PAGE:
Ashoka Fellow
Fellow Since 1994
Coletivo Refazendo


This profile was prepared when Dulcinea de Oliveira Xavier was elected to the Ashoka Fellowship in 1994.
The New Idea
Dulcinea Xavier is persuaded that low-income families with children (or other loved ones) with disabilities are in desperate need of assistance in addressing that challenging and stressful dimension of their lives. She is also convinced of a similarly pressing need to change the perceptions and attitudes of the public at large toward people with disabilities, and of the benefits, to all parties involved, of integrating such people into the mainstream of community and national life.
She is thus developing an array of services and support networks to assist the affected families and devising new ways to combat conventional views and attitudes toward disabled people and the place that they should occupy in the community at large. In those endeavors, she is emphasizing both the special needs of women in the affected families and the contributions that women can make as advocates of needed changes.
The services that she is working to make available include a public health reference system, which will provide better diagnostic information and guidance for people with disabilities and their families, and a network of professionals and volunteers to provide solidarity and counseling at the moment of diagnosis and the traumatic early stages of coming to terms with new and difficult responsibilities.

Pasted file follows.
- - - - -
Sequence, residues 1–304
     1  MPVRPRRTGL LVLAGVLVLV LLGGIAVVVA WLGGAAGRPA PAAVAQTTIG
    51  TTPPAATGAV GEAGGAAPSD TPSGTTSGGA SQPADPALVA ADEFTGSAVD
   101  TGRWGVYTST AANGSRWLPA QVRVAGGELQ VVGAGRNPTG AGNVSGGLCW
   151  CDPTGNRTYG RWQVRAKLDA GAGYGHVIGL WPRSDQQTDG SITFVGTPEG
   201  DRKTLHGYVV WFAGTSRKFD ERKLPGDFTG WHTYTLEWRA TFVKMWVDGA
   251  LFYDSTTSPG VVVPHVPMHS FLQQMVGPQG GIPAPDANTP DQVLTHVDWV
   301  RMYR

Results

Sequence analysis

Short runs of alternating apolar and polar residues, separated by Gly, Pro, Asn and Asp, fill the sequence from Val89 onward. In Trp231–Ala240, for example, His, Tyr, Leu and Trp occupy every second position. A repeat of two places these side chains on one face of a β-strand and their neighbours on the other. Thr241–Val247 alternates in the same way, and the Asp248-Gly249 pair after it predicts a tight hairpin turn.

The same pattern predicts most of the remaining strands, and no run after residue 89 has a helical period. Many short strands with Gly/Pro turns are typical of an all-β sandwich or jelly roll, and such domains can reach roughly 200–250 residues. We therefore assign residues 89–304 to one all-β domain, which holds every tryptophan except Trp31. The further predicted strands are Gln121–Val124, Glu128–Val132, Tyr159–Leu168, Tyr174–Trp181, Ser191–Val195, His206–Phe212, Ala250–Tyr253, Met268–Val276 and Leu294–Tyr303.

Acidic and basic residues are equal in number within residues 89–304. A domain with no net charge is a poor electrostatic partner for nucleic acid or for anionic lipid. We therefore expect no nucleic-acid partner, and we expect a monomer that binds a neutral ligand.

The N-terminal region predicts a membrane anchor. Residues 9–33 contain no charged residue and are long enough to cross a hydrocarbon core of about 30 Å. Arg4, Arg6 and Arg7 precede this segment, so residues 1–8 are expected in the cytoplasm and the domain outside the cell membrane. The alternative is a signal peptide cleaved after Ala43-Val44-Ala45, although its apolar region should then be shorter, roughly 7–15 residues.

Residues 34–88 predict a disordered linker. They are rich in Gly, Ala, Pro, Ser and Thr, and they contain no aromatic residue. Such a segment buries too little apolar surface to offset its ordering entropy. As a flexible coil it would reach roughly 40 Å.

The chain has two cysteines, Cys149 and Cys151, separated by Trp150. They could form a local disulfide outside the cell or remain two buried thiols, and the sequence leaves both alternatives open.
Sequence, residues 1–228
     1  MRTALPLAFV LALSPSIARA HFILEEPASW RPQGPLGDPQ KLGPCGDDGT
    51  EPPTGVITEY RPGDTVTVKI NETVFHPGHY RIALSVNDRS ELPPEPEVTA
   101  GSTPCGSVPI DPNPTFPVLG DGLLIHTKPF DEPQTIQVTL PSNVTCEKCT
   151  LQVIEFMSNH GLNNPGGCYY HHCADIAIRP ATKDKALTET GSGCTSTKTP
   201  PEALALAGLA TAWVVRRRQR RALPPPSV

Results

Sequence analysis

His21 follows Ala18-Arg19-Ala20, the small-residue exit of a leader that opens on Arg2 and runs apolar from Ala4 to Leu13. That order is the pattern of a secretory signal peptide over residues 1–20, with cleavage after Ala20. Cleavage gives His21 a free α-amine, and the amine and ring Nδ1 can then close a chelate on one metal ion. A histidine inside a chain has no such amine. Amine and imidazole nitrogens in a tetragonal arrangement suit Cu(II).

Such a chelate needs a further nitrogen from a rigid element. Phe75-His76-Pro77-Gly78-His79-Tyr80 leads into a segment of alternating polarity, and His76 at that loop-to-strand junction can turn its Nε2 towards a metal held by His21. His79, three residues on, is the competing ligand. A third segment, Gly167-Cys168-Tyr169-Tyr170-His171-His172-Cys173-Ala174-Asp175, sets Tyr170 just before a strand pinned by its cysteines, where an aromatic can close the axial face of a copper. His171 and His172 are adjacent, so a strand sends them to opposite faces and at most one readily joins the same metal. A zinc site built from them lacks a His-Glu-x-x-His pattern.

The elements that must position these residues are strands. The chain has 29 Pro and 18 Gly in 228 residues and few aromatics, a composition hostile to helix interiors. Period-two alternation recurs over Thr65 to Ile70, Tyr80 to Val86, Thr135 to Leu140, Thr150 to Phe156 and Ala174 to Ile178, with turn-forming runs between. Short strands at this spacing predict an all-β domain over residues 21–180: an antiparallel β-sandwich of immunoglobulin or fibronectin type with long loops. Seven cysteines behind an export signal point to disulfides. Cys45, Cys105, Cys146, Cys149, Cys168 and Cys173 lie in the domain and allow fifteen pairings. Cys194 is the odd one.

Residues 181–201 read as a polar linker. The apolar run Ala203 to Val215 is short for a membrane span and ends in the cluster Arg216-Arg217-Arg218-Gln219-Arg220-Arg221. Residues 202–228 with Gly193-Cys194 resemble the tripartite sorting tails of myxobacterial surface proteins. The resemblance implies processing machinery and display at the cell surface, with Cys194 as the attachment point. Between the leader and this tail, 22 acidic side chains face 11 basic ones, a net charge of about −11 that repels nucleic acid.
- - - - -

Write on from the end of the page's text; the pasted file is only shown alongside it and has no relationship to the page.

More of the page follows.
Dulcinea's efforts to change public attitudes toward people with disabilities and their integration into society at large include the organization of citizens groups to develop new programs toward that end at the community level and the mobilization of similar initiatives by women's groups associated with rehabilitation centers. As a leading member of an association of relatives and friends of people with Down's Syndrome, she is also negotiating with school systems to make sure that legally mandated places in public schools are in fact made available to children with disabilities.
The Problem
The Strategy
The Person

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